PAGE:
First, clean the air

Sum­mon po­lit­i­cal will to meet clean air stan­dards, en­force strin­gent emis­sion norms and pro­mote pub­lic trans­port


JUST AS the Bharatiya Janata Party was get­ting ready to form the new govern­ment, In­dia hit an all time low on the who list of pol­luted cities. Its re­port, re­leased in May, noted that 13 of the 20 worst pol­luted cities across the world are in In­dia. Air pol­lu­tion has also emerged as the fifth largest killer in the coun­try. Though shock­ing, the find­ings do not come as a sur­prise.

In­dian cities are burst­ing at the seams with cars, two-wheel­ers and a large num­ber of diesel-pow­ered ve­hi­cles that belch toxic fumes.At the same time, the share of pub­lic trans­port, walk­ing and cy­cling is dras­ti­cally de­clin­ing. Wors­en­ing air pol­lu­tion has also ex­acted a sig­nif­i­cant toll on the coun­try’s econ­omy. A re­cent es­ti­mate by the World Bank shows that the health cost of par­tic­u­late mat­ter pol­lu­tion (par­tic­u­late mat­ter less than 10 mi­crons, or PM10, can pen­e­trate deep into the lungs) ac­counts for 3 per cent of the coun­try’s gdp. Clearly, the new govern­ment faces a daunt­ing task of curb­ing air pol­lu­tion. It will be able to turn the tide only with hard de­ci­sions and de­ter­mi­na­tion. Here are a few words of ad­vice:

1. Im­ple­ment na­tional clean air ac­tion plan to en­sure that all cities meet clean air stan­dards by 2020-21.Strengthen air qual­ity mon­i­tor­ing sys­tems in all states and is­sue daily air qual­ity alerts with health ad­vi­sory for people to take pre­cau­tion.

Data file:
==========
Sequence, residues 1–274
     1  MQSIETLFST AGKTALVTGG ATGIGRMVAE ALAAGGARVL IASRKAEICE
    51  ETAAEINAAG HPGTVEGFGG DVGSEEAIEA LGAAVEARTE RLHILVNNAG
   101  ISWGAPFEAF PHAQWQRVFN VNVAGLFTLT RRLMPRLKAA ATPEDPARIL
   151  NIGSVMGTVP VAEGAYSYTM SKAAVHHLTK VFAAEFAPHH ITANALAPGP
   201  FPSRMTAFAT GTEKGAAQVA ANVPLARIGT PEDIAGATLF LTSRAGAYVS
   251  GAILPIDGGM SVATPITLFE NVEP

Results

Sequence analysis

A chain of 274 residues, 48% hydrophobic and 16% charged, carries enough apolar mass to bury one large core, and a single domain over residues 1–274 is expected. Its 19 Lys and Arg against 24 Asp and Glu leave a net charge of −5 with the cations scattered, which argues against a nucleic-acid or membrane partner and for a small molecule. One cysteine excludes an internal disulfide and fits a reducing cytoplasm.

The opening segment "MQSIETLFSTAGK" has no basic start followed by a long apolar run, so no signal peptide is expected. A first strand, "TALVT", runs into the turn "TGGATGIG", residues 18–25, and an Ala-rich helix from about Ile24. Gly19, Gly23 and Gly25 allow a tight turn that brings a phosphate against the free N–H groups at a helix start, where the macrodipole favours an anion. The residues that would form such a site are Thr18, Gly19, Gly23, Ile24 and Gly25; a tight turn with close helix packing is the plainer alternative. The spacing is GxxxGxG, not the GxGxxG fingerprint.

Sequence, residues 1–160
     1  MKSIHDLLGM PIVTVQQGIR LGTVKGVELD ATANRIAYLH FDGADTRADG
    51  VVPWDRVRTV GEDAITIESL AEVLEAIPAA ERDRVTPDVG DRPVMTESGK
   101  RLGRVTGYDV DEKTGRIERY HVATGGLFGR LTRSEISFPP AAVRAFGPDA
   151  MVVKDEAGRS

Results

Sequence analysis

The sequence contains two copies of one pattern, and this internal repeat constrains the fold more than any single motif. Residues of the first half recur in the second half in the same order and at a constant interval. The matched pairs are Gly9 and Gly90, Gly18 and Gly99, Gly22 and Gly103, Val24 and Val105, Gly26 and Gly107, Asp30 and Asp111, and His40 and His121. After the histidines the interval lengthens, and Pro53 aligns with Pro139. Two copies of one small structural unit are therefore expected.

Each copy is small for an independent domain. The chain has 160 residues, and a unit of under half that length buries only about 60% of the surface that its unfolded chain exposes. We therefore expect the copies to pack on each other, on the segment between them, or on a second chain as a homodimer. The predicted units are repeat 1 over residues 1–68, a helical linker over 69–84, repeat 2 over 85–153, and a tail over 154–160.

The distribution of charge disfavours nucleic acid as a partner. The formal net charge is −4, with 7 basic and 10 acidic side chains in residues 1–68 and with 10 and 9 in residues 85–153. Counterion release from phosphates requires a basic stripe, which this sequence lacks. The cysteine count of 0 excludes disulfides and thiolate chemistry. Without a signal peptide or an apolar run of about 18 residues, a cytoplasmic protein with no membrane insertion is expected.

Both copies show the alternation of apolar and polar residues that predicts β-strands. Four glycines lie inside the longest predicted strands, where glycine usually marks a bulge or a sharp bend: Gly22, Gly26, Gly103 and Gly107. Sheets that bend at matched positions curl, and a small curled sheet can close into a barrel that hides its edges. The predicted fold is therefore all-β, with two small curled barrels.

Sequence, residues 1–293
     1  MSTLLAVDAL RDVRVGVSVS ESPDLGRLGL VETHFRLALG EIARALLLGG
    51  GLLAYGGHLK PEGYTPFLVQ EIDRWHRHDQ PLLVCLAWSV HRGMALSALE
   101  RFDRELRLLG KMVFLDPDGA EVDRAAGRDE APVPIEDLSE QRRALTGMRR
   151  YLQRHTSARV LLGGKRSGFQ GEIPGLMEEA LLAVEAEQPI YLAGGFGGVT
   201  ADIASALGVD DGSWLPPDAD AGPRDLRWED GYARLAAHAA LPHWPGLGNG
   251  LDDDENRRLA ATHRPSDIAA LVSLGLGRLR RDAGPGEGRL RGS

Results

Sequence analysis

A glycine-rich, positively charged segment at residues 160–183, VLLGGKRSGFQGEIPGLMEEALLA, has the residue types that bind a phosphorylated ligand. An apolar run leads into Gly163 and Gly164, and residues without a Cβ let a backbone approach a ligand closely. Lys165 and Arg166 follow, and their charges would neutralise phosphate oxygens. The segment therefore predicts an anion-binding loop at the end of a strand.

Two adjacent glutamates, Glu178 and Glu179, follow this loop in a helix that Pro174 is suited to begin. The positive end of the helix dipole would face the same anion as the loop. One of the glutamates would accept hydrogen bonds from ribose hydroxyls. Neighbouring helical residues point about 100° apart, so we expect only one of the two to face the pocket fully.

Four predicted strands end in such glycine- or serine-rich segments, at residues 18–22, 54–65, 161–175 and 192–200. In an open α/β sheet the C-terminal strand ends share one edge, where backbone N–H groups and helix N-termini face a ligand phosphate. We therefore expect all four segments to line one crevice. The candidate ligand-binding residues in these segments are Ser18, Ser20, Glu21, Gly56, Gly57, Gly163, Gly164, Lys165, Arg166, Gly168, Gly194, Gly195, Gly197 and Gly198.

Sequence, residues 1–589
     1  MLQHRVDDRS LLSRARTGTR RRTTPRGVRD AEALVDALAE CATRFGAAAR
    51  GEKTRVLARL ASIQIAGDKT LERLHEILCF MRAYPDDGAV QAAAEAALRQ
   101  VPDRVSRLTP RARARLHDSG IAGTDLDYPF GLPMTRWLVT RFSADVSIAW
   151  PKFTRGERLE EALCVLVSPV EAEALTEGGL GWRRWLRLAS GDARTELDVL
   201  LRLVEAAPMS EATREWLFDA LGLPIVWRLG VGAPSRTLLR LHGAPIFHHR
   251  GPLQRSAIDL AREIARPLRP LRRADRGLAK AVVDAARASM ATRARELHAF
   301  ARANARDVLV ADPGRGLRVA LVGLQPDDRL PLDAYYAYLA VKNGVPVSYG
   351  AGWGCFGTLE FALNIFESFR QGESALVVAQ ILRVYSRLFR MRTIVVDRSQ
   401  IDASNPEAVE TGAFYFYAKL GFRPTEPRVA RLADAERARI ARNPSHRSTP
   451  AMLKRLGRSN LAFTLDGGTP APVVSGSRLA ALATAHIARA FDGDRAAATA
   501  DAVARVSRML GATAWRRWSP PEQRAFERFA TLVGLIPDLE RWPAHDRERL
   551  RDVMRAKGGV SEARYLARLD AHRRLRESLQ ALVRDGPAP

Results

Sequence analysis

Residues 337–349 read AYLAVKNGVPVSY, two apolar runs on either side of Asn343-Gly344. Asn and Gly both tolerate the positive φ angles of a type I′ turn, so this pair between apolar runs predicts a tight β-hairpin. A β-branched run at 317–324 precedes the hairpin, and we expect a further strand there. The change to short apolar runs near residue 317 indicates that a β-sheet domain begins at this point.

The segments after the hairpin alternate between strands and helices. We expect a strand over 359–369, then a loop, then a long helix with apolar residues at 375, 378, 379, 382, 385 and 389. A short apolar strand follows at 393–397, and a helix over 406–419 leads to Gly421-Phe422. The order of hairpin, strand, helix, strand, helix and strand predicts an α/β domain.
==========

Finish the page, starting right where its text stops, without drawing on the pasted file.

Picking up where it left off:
2. In­tro­duce strin­gent emis­sion stan­dards. To be­gin with, en­force Bharat Stage

Par­tic­u­late mat­ter pol­lu­tion ex­acts a

health cost of 3% of In­dia’s GDP

(BS) IV emis­sion stan­dards across the coun­try. Cars should meet BS V stan­dards by 2016 and the coun­try should leapfrog to BS VI by 2020-21.Only BS VI norms can ef­fec­tively curb diesel emis­sions, which who clas­si­fies as class one car­cino­gen for its strong as­so­ci­a­tion with lung cancer. Re­strict the num­ber of diesel cars and suvs us­ing fis­cal mea­sures like additional ex­cise duty. In­dia can­not af­ford to mo­torise based on tech­nolo­gies that are nine to 14 years be­hind those used in Europe.

3.Im­ple­ment favourable taxation pol­icy for pro­mot­ing clean fu­els like cng. Only an ef­fec­tive dif­fer­en­tial be­tween cng and diesel prices can in­cen­tivise cng. En­cour­age ad­vanced clean ve­hi­cle tech­nolo­gies like elec­tric ve­hi­cles with fis­cal in­cen­tives.

4.In­crease Cen­tral fund­ing sub­stan­tially to scale up af­ford­able modes of pub­lic trans­port sys­tem in cities. Use re­form-based fund­ing to in­te­grate these sys­tems and to in­stall safe and well-de­signed walk­ing and cy­cling in­fra­struc­ture and para­tran­sit sys­tems.At least 80 per cent of daily travel trips in cities must be met by pub­lic trans­port by 2020-21.Re­form Cen­tral taxes and state road taxes to elim­i­nate bur­den on pub­lic trans­port and re­cover the rev­enue loss by im­pos­ing higher taxes on cars. Cre­ate a ded­i­cated ur­ban trans­port fund. Pro­mote ur­ban de­sign that al­lows people to live closer to jobs, ed­u­ca­tion, re­cre­ation and other ser­vices.

5.Re­strict use of per­sonal ve­hi­cles. City au­thor­i­ties must elim­i­nate free park­ing, or­gan­ise and limit park­ing and charge park­ing fees to re­cover the cost of valu­able pub­lic land and en­vi­ron­men­tal im­pact.

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